Andy and Molly Akers' House
The following article and picture appeared in the Pikeville, KY Appalachian News-Express on July 16, 2006.
Robinson Creek Man Uncovers Old Log Cabin Inside Family Home
A man was tearing down an old house and discovered a log cabin inside. Shortly after the news article appeared, my mother recieved a call from the current owners who told her they'd found the names of Andy and Molly Akers carved on the inside on one of the logs (her grandparents, my gg-grandparents).
The current owners' family had bought the property from Littles (Molly's family were Littles). We believe this house to have been a very early home for Andy and Molly as this is not the family "homeplace" remembered by my mother, who currently lives on Andy Akers Branch, which is the known "homeplace" of the couple.
UPDATE: Sadly, the cabin was torn down before ancestors could intervene and it's unknown what happened to the pieces!
BY MICHELLE GOFF
ROBINSON CREEK - Mark Wright said he always knew there was a log cabin inside the house his late grandfather, Alfred Mercer, left to him.
"I knew it was there ever since I was old enough to know what a log was," Wright explained. "I was brought home to this house when I was born."
Nonetheless, when Wright recently started tearing down the house, he wasn't prepared to find such an old cabin. Or one that has attracted so much attention.
"The older generation, from the baby boomers on up, slow down and look. Three people have stopped by just today," Wright said on a sunny afternoon while taking a break from clearing debris from his yard.
Wright inherited the property and house from his maternal grandfather, who died in October 1996. He said he decided to tear down the house so his children, a 7-year-old girl and 4-year-old twin boys, could have a yard in which to play. Wright said his grandparents bought the property in 1945 from a family named the Littles.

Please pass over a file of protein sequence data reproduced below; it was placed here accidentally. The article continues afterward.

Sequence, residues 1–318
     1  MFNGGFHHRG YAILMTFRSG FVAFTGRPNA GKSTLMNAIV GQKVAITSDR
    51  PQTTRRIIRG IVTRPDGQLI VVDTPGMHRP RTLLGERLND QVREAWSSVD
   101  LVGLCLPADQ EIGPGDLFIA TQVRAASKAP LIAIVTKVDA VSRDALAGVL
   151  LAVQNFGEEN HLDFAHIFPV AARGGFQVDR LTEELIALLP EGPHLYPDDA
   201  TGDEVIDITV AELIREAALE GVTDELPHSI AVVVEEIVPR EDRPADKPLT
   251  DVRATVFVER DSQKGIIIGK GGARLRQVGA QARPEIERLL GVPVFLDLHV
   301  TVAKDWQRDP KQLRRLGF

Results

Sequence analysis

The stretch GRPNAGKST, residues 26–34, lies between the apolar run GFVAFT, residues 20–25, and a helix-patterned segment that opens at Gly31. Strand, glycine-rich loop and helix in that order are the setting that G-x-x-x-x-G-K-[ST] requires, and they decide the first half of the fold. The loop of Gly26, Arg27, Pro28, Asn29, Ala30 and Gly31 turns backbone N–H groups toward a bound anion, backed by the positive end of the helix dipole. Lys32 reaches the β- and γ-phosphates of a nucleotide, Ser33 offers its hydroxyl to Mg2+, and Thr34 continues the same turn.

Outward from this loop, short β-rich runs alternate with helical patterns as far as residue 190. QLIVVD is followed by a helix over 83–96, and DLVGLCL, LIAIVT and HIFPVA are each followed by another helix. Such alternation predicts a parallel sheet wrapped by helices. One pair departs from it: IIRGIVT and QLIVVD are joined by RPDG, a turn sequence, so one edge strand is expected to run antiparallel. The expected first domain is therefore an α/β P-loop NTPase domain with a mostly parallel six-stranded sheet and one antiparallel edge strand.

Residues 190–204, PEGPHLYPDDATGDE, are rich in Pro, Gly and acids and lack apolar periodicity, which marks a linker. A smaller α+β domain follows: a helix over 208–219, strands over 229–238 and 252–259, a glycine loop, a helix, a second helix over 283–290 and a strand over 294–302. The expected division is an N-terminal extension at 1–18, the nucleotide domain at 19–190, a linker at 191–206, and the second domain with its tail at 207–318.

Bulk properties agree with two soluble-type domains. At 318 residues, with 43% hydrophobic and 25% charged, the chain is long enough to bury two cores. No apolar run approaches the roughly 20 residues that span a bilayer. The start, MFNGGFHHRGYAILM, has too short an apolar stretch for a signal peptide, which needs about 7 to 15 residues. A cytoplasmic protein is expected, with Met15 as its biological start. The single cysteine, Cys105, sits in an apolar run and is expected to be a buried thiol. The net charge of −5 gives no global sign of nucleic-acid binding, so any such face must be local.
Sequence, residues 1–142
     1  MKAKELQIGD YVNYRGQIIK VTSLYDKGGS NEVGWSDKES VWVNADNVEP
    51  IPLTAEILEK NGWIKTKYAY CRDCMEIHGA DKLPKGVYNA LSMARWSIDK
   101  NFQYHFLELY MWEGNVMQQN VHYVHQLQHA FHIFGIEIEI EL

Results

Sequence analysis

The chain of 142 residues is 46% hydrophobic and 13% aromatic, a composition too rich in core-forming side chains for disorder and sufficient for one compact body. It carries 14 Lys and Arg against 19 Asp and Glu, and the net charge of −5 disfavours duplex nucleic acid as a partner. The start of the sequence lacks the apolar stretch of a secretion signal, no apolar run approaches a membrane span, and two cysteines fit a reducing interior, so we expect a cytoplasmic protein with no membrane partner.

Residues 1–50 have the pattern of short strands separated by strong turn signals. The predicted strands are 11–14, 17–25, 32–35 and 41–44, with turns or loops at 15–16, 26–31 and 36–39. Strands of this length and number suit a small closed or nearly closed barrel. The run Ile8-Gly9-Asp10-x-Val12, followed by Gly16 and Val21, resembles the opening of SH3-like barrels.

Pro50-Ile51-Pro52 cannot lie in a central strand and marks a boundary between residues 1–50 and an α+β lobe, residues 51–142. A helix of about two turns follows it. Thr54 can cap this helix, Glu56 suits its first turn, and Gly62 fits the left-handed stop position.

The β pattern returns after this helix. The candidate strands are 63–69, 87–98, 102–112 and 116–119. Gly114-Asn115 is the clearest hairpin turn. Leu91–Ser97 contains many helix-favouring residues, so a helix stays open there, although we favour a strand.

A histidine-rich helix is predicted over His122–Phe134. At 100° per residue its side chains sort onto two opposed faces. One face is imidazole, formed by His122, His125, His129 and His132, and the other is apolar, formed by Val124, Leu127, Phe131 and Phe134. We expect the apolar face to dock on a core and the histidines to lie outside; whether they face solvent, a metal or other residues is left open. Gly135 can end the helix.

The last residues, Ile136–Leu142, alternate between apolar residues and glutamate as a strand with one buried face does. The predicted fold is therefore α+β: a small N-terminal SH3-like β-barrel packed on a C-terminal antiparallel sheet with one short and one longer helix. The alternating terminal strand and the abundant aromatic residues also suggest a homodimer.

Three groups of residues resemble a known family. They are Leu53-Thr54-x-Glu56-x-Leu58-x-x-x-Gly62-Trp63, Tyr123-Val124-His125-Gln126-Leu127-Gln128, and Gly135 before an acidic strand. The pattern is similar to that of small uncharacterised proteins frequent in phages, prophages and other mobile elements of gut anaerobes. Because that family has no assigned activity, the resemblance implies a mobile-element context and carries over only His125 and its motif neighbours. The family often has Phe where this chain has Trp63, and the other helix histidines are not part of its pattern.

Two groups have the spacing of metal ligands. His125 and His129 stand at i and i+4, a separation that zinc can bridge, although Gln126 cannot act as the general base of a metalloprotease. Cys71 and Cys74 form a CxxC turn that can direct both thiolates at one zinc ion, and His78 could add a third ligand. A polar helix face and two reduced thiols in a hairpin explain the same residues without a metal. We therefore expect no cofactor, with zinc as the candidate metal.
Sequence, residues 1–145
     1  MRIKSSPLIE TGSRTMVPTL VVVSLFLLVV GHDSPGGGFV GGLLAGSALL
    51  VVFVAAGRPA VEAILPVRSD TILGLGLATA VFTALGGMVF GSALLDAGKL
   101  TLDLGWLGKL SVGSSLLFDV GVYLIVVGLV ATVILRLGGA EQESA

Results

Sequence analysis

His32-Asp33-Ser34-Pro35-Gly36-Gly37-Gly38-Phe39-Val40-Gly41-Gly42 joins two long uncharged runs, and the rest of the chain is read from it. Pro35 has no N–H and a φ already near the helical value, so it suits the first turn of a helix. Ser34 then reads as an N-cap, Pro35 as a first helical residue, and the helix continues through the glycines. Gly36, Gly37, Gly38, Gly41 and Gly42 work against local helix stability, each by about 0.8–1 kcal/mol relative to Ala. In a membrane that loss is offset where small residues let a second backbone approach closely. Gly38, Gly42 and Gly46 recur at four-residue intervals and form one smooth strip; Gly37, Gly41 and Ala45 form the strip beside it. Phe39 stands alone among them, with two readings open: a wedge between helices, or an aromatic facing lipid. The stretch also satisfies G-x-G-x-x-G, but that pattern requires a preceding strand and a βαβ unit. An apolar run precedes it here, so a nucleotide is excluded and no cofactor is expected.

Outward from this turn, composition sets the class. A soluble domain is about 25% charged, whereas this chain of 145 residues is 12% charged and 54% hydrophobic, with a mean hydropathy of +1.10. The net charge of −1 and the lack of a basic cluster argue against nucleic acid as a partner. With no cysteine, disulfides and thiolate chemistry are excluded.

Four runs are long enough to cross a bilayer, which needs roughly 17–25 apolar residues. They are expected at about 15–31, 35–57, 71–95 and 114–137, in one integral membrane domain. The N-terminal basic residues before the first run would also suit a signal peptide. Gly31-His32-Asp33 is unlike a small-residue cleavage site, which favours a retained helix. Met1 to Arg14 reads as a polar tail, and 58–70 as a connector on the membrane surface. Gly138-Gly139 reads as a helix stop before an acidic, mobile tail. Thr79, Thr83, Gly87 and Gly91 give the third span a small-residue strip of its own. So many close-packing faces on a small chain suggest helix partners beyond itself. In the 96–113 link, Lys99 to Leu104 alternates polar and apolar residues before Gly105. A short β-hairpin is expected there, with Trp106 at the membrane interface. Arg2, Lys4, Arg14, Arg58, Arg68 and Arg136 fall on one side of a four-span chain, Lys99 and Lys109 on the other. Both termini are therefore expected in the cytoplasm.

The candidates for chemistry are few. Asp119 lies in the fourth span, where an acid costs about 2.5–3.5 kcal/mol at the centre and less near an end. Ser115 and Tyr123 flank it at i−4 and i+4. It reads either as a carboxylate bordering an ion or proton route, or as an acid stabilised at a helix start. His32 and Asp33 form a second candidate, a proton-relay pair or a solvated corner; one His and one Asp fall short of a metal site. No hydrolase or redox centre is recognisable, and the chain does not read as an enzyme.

At some point, Mercer opened a store that he called Al's Hay Barn.
"He sold pop, candy, cigarettes, hay and straw," Wright explained. "Part of it still stands. He had screen wire to keep the thieves out."
He continued, "He had a barn ponies stayed in and a hen house; beside that, a toolshed; beside that, a dog lot; on the other side, a woodshed; across the creek, another shed. There were what you would call antiques in the house. My dad has a cabin in Rogersville, and I gave him the cook stove."
When Wright and the two men helping him tear down the house found the cabin, they noticed wooden blocks near the top of the cabin that could be removed. These blocks, as well as the cabin's notched corners, have caused much speculation about when the cabin was built. Some people with whom Wright has spoken told him these two features mean the cabin was built before the Civil War.
Wright, a welder and fabricator for ICG, observed other characteristics.
"You can see the hatchet marks, so you know it was built before hewing," he said. "I'm amazed by the craftsmanship. I can see it before others. It's just amazing."
Wright said his family is interested in tracing the history of the cabin, which is located at Robinson Creek on old US 23. He welcomed anyone having information on the cabin's history to call him at 424-6215.
Staff writer Michelle Goff can be reached via e-mail at firstname.lastname@example.org.
Source accessed online October 15, 2006